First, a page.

In gathering and reviewing a large body of research on which non-academic factors lead to success in early adulthood, researchers from The University of Chicago Consortium on Chicago School Research found that early experiences can have a profound effect.
- Agency, which is the ability to determine the course of one’s life “rather than simply reacting to external forces.”
- Integrated identity, which is a strong sense of self and an “internal compass” for making decisions that are consistent with one’s values and goals.
- Competencies, which are what it takes to be productive and adapt across settings.
In asking how children come to develop those characteristics, researchers found evidence that several particular childhood experiences can help.
First, children need to try lots of new things and interact with different kinds of people. Whether this means playing on a youth sports team, creating art with a wide variety of materials, or going on hands-on field trips, early experiences help children to “develop awareness of themselves, others, and the world.”
Closely related, children also need to be allowed to design, build, experiment and play. While play is widely recognized as important in preschool and kindergarten, researchers worry that the concept becomes lost by 1st grade.
“There is little opportunity to tinker in formal K-12 settings,” the report states. “This is a mistake, because opportunities to be creative are indispensable to children’s learning.”
Next, young children must practice the things they want to improve at, ideally with regular adult feedback so that mistakes do not become ingrained as a result of repetition. “Practice not only builds expertise over time, but also reinforces motivation for continued learning,” according to the report.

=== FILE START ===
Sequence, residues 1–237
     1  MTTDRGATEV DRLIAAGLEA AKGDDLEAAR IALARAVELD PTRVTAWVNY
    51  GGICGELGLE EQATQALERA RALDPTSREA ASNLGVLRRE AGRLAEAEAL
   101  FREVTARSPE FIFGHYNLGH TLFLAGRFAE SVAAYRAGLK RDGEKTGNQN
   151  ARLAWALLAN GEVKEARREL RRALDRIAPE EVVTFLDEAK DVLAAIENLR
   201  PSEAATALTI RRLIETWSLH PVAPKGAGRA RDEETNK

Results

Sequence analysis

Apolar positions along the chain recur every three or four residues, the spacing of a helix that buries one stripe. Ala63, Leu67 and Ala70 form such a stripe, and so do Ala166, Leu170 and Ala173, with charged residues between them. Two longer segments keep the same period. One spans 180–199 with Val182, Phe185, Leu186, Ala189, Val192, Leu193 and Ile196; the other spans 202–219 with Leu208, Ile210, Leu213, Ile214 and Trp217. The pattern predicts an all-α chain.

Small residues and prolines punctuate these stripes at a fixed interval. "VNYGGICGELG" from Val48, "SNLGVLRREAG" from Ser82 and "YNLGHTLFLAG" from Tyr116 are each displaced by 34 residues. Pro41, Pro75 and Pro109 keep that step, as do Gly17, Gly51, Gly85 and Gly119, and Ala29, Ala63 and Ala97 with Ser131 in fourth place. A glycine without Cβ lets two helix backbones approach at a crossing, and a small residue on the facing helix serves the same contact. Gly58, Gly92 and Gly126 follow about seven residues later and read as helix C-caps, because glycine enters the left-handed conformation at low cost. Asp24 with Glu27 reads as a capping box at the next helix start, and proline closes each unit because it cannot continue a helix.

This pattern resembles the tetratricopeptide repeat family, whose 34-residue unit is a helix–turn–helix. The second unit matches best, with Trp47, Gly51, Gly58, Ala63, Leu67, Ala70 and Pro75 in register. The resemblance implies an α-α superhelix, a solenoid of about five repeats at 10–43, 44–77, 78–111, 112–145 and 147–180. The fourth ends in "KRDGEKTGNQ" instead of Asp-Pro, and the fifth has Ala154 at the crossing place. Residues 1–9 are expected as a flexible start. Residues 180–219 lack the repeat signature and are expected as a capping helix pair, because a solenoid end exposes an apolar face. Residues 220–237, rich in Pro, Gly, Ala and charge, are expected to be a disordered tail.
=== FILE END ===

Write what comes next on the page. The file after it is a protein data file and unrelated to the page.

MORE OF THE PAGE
The old adage, practice makes perfect, is apparently true not only for perfecting the task one is practicing, but for developing the critical adult ability to practice and improve.
Finally, it is important for children to be given the chance to make their own choices and contribute to group decisions or activities. That doesn’t mean parents and teachers should be held hostage to a child’s every whim. But if there’s an opportunity to allow choice—Would you like to wear red socks or blue ones? Should we play outside this morning or inside?—it should be given.
The same goes for contributing. Children are often the recipients of items and activities designed for them, but it’s important for them to contribute to the functioning of larger groups as well.
“When young people have the opportunity to make meaningful contributions that are valued by others, they gain self-confidence and come to see themselves as capable,” the report states.
That can mean sharing an opinion that is listened to, helping clean up a shared space, or actually participating in volunteer work and giving to others.
Like much research into what experiences best help develop character, these guidelines are ones many parents and teachers have followed intuitively for years. Still, sometimes it’s nice to know you’ve got the science on your side.
A version of this news article first appeared in the Early Years blog.